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Land Program 

The Land Program component of CE3 involves the application of quantitative and qualitative tools to promote improved land use planning, resource use efficiencies, minimization of waste, resource conservation, and improved communication and implementation of these strategies. Specializations of the Land Team include planning in Appalachia’s local communities, natural resource management, floodplain management, emergency planning and disaster recovery, open space and recreation planning, building and infrastructure reuse, using GIS as a planning tool and “comprehensive” planning. Comprehensive planning may include a suite of services such as:

  • Compact and conservation development
  • Stream, floodplain, and wetlands management
  • Storm water management/erosion and sediment control
  • Source water protection
  • Land conservation and land trusts
  • Steep slope protection
  • Brownfield redevelopment
  • Agricultural protection
  • Historic properties
  • Viewsheds
  • Access management


Land use planning involves an understanding of a place, its people, natural resources, economy, history, and the built environment. The faculty and staff at CE3 believe that the best way to improve a place is through a deep and full understanding of it. CE3 has the assessment tools needed for resource management and land planning to do just that. The recommendations provided by our teams are based on sound research and intended to be manageable for local governments and all of our clients.

Point of Contact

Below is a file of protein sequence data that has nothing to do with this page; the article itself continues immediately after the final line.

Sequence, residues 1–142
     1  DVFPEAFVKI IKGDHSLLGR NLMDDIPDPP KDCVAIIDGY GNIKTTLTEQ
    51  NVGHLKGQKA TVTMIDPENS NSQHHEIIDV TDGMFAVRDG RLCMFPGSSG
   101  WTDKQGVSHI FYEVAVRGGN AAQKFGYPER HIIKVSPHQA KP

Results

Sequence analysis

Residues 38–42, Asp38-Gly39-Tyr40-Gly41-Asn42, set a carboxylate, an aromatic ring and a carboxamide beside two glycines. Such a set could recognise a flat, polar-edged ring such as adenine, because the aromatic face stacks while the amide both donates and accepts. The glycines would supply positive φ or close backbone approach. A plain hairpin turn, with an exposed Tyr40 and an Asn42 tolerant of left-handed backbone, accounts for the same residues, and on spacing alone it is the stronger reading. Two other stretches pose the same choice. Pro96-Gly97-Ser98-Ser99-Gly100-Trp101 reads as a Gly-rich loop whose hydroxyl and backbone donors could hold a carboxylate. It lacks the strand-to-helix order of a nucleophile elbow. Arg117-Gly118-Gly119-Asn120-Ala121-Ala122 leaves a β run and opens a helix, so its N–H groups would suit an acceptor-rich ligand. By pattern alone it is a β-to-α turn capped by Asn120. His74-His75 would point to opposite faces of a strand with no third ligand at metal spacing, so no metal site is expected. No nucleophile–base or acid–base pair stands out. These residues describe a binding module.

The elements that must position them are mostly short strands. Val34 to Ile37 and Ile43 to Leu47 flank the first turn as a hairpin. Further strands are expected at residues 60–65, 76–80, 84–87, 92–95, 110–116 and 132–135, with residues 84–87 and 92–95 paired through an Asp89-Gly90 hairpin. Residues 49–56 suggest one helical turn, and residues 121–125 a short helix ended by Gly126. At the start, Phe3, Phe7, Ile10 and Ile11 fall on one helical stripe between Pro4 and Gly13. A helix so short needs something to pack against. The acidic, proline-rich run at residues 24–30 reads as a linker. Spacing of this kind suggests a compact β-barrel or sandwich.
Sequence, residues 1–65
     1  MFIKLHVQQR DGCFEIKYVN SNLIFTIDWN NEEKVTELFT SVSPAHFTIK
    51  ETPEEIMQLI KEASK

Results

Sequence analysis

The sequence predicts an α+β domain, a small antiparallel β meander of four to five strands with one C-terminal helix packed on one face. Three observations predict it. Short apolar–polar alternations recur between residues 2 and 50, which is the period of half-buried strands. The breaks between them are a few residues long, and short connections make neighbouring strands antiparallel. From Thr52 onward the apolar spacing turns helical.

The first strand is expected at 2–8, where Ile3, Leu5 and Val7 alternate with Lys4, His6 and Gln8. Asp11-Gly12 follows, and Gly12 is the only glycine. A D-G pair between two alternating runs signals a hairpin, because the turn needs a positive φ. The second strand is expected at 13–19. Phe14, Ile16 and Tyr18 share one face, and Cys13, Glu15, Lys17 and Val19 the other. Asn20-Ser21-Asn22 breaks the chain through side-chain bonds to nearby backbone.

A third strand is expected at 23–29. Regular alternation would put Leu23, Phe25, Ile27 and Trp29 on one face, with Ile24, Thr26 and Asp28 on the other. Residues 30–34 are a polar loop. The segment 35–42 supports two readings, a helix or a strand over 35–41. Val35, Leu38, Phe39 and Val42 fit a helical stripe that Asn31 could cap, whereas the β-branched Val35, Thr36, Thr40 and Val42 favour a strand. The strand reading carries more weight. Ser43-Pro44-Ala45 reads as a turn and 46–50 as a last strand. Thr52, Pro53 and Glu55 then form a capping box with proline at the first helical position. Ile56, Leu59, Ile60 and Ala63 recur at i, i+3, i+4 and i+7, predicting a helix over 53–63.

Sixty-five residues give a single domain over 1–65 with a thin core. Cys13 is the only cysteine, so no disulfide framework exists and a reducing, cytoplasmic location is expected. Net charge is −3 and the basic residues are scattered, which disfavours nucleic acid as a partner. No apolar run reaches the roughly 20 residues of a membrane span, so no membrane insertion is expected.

Scott Miller
Director of Energy and Environmental Programs
Ohio University Voinovich School
millers1@ohio.edu
740-593-0827

 

Example Projects

All Projects 

OHIO Zero Waste

OHIO Zero Waste is part of the Appalachia Ohio Zero Waste Initiative (AOZWI), with a specific goal of bringing together student organizations and OHIO administrative and academic units to promote green events and zero waste choices. Led by a student coordinator, OHIO Zero Waste works with campus events of all sizes, including large events like Athens Beautification Day, OHIO Commencement and Move Out to reduce waste and promote reuse and recycling. To learn more about Green Events, or to register your event as a Green Event, please visit http://www.ohio.edu/sustainability/programs/Green-Events.cfm or contact zerowaste@ohio.edu. Interested in where to recycle your stuff during Move Out? Here's a pdf map of donation sites around the city! Or click here for the web link which is great for mobile devices: www.ce3.ohio.edu/15.

Tags: Land,Waste

Appalachia Ohio Zero Waste Initiative

The Voinovich School, in partnership with Rural Action, has been awarded Phase Five funding from The Sugar Bush Foundation to continue the important work of the Appalachia Ohio Zero Waste Initiative (AOZWI). The research conducted by the Voinovich School in the first four phases, including case studies of select Ohio recycling programs, a residential recycling survey, wasteshed mapping, and a materials recovery facility feasibility study, helped inform the development of a community-supported Zero Waste Action Plan. Starting in 2015, Phase Five activities will continue to grow tools and services for communities and businesses and increase on-campus efforts including a Principles of Waste Management course at the Voinovich School and numerous green initiatives (see “OHIO Zero Waste” project). More information can be found at http://ruralaction.org/programs/zerowaste/. Also, for a unique perspective on the project, watch the video of former Voinovich School Graduate Research Assistant Megan Chapman, as she shares her experience working with AOZWI.

Tags: Land,Waste

Ohio Shale Development Community Impact Survey

The Voinovich School is conducting the first of what is anticipated to be a longitudinal investigation of the impact of shale development activities on communities in eastern Ohio. The report is based on the results of surveys conducted with local officials across 17 Ohio counties. The findings include what types of shale development activities are being reported and how shale development has impacted local populations, housing, public safety, infrastructure, employment, environment and the local economy. To learn more about the project, click here. For more information, contact Robin Stewart at ce3@ohio.edu.

Tags: Data,Land,Shale